Alan Woods and Ted Grant

Lenin and Trotsky—What They Really Stood For

Chapter 9


It is easier to write distortions than to answer them. In the present work, we have only managed to deal with the most blatant falsehoods and misrepresentations. But, in fact, the entire method of Monty Johnstone's Cogito article is alien to Marxism. It is not designed to make clear the position of Trotsky, in order to answer it. It falsifies Trotsky's ideas, in order to subject them to surreptitious ridicule. Such an approach has nothing to do with the method of Marx, Engels, Lenin and Trotsky, who always gave a clear and honest characterisation of the ideas of their opponents, in order to answer them.

But the final bankruptcy of Monty Johnstone's position is revealed by a phrase which slips, almost unnoticed, from his pen:

"A fundamental Marxist criticism of Stalinism," he writes on page 33, "which still remains to be made, will not proceed from Trotsky's premises…"

So there we have it! "The Mountain hath laboured and borne…a mouse!" Sixteen years after the death of Stalin, thirteen years after the Twentieth Congress, and Monty Johnstone's "fundamental criticism of Stalinism" has yet to be made!

Such is the incredible conclusion which Young Communist Leaguers and Communist Party members are expected to take from the "theoreticians" of their movement. Trotsky's "model" is "fundamentally false", but as for our model - well, we are still waiting for that to materialise!

For our part, we invite members of the Communist Party and Young Communist League to draw their own conclusions from the lame excuses of the Monty Johnstones. Put the question to the leadership: Why can't you provide us with an analysis and explanation of Stalinism? Why don't the Soviet leaders produce an analysis? Alas! No reply will be forthcoming. At this very moment, the Soviet "comrades" are busily resurrecting Stalin, and taking back even those meagre concessions that were wrested from their grasp in the fifties. Of course, tomorrow, Brezhnev will be ousted and some "progressive" bureaucrat will again grant concessions, to prevent the workers from moving into struggle. In fact, the bureaucracy will do anything for the workers, anything, except get of their backs!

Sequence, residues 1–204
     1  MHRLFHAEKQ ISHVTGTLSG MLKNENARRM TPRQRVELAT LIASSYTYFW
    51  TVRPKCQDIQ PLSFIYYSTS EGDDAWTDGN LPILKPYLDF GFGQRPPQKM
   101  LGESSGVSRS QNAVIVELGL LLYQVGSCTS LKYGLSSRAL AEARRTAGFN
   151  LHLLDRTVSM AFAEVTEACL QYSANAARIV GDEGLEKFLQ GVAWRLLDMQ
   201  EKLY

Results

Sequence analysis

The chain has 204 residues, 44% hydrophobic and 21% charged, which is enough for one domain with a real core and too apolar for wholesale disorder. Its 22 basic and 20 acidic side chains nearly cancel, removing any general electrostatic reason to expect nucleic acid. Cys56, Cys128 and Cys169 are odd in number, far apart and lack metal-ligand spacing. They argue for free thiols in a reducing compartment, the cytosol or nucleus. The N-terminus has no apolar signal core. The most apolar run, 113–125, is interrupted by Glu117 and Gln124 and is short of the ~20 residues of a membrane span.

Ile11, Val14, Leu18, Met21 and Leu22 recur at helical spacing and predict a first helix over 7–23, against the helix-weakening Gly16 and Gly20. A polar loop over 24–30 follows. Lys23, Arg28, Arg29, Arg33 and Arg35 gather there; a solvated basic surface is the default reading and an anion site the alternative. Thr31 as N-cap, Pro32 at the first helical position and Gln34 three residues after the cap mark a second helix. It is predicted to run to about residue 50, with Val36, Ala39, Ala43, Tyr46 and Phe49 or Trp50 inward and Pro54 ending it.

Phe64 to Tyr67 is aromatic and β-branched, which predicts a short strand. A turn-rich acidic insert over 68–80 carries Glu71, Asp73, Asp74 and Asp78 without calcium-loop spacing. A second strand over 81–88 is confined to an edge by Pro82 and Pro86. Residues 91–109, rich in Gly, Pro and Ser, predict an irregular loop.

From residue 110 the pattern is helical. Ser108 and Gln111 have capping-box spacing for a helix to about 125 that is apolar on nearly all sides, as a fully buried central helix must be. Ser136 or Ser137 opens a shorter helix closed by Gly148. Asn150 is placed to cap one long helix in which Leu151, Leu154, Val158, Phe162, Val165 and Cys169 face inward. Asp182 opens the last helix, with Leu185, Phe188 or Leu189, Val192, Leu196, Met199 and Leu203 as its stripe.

It is clear that the present discussion was not welcomed by the Communist Party leadership. They tried to put it off as long as possible. But with their new, "independent", "democratic", "respectable" image at stake, they dared not continue to veto it. The events which have rocked World Stalinism in recent years have opened up broad discussions in the ranks of the Communist Parties. Any attempt on the part of the bureaucracy to clamp down on, say, the discussion on Czechoslovakia, would have led to a debacle on the lines of 1956. Their hand has been forced by events.

The sell-out of the movement of the French workers by the Stalinist leadership gave rise to widespread protest and opposition among the Communist Party rank and file, who, unlike the leaders, have not lost their class-consciousness and their desire to change society. Likewise in Britain, the events in France and Czechoslovakia have set the most conscious members of the Young Communist League and Communist Party thinking about the fundamental questions which face the movement. Similar developments are undoubtedly taking place in the Italian and other Communist Parties.

Yesterday, Stalinism was shaken by Hungary and Czechoslovakia, by France and the Sino-Soviet split. What will come tomorrow? The coming period opens up the prospect of new and terrible class battles on an international scale. Under the cover of the post-war boom, new, fresh forces have been prepared which are untainted by the despair and cynicism of the older generation. The magnificent struggles of the Italian and French working class provide an auger of things to come. The question now is only which will come first - the socialist revolution in the West, or the political revolution in the East?

In the white-heat of great events, the new forces of the revolution will be formed and tested. A large part of these forces, especially in France and Italy, but also in Britain, will come from the Communist Parties and the Young Communist Leagues. It is the duty of all comrades in these organisations to prepare themselves theoretically for the great tasks which face us. Theory is not something which the Party "intellectuals" hand down on a plate. All real Marxists must struggle to train and educate themselves in the basic ideas, methods, and traditions of Marxism. The writings of Marx, Engels, Lenin and Trotsky are not dry, academic, and irrelevant, but contain the living lessons of the experience of the working class movement of all countries over a century and a half. If members of the Communist Party and Young Communist League desire to play a role in building the movement which will change society on socialist lines, they must take this task seriously.

On the basis of events, and the creation of Marxist, of Bolshevik cadres, to participate in the inevitable movements of the working class in Britain and internationally, victory is, in the last analysis, assured in the struggle for a united, harmonious Socialist World Federation. The nightmare of Stalinism and capitalism will become bad memories of the past, and the blossoming of the productive forces of the planet, integrated under a system of democratic control and planning, will enable art, culture and science to rise to unheard of levels. For the first time, Man will be able to draw himself up to his true stature in a world freed from wars, poverty and oppression.

August/October 1969